Stephany Vaioleti

Deputy Director

“We need to do things differently and better in order for everyone to thrive.”

Every evening when Stephany Nihipali Vaioleti drives home from work in Honolulu, her favorite part of the commute is when she comes out of the Likelike Tunnel and sees the unparalleled view greeting her on the Windward side. “It just brings me a sense of calm,” she says, “because this is home.”

The lifelong Ko’olauloa resident considered leaving this behind in 2020 for more financial opportunities on the continent. “Your dollar can go further elsewhere,” she explains. “Every resident struggles with Hawaiʻi’s cost of living. I have friends and family who have unwillingly left and others questioning moving away, even my eldest daughter.”  Vaioleti’s 25-year-old daughter, Kia, is a full-time project manager at a downtown architecture firm, yet lives at home to make ends meet, and is struggling to save up for a downpayment on a house. So far, mother and daughter have both chosen to stick it out in Hawai`i and “figure it out like everybody else.”

Vaioleti stays it is because she loves it here. Her entire life’s been on Oʻahu: a high school diploma from Kamehameha Schools, and three degrees from the University of Hawai`i at Manoa (bachelors, masters, and juris doctor.) Her family is here. Her heart is here. Vaioleti shares, “My roots go way back and this is home.”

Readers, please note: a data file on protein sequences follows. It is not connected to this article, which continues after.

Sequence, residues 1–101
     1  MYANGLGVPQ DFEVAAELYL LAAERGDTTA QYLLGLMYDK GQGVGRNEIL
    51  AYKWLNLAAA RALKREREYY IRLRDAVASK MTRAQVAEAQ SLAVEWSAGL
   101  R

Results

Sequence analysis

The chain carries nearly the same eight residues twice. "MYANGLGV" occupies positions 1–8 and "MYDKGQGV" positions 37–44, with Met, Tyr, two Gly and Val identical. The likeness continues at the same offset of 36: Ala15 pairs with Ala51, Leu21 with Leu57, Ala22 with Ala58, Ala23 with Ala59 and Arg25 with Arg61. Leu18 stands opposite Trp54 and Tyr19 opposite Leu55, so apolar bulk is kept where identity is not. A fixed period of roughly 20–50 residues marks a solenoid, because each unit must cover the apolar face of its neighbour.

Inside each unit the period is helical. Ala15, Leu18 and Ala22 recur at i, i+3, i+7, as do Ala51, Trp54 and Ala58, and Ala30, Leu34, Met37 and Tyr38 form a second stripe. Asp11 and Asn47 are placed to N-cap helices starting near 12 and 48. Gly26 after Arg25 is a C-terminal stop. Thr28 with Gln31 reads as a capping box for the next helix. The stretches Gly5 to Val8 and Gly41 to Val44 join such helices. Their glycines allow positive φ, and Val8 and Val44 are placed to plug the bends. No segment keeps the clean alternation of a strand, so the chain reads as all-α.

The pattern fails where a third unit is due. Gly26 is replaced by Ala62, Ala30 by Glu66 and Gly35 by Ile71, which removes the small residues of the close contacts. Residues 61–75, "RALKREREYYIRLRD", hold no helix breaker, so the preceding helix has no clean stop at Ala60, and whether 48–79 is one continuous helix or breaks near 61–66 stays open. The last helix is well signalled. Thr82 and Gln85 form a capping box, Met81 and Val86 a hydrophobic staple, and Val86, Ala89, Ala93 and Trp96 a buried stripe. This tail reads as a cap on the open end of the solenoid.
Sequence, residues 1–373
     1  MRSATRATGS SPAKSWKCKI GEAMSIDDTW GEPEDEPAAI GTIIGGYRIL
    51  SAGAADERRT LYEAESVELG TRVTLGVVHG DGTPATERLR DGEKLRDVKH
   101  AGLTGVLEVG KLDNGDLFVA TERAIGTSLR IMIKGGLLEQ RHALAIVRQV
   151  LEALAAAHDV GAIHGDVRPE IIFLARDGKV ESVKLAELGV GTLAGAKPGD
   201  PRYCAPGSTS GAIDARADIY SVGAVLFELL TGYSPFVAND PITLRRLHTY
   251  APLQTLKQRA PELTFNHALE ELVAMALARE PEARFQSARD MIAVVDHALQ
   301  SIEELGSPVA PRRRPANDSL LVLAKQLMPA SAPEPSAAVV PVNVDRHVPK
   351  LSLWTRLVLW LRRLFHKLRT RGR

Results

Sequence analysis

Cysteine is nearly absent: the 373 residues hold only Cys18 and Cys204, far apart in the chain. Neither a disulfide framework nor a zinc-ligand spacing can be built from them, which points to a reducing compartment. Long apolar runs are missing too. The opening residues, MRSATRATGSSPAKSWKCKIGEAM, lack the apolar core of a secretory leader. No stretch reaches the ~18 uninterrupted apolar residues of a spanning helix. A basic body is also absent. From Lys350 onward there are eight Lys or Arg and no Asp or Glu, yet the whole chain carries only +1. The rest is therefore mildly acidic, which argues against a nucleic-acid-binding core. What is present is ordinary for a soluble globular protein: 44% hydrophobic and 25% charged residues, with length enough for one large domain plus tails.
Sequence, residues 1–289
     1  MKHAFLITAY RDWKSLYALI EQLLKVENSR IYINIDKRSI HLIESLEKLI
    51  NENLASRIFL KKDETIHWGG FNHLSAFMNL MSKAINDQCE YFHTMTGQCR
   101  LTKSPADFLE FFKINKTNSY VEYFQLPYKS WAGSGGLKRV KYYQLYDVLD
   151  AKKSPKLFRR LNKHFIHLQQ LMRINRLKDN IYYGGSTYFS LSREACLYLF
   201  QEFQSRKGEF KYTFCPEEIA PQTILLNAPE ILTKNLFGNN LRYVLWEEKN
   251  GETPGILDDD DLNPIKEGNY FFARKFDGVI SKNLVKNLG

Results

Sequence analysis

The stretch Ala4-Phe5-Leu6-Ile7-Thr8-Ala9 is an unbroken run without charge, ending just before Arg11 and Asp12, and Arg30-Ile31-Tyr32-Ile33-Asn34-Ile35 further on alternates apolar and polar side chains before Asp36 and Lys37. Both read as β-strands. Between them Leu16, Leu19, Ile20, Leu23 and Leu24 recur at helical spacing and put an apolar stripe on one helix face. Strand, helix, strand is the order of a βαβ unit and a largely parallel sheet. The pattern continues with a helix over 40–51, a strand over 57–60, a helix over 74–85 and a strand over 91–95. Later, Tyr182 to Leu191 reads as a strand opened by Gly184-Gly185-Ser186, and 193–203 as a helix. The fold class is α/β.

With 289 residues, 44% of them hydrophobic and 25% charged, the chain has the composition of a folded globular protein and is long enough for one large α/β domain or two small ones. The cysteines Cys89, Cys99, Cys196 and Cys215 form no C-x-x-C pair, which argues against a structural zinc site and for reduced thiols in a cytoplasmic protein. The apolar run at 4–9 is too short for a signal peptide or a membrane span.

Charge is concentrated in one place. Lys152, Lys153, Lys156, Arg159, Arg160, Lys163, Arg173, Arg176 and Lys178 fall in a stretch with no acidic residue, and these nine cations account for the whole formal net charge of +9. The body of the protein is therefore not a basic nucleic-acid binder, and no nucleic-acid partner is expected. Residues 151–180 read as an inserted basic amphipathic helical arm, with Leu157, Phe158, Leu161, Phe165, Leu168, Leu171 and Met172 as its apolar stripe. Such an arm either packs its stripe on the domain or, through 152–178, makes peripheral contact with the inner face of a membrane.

Outside of her personal ties and her ingrained sense of kuleana, or responsibility, to take care of the  ʻāina and the makaʻāinana – the land and the people on it – Vaioleti has another reason for fighting for affordability for all.  At her most recent job as Hawaiʻi Energy’s community engagement navigator, Vaioleti founded the energy equity hui, a statewide government-nongovernment collaborative, working to ensure equitable transformation in our quest to meet our 2045 clean energy goals.   She cites the 20 huge, white windmills in Kahuku – “we need to do things differently and better in order for everyone to thrive.”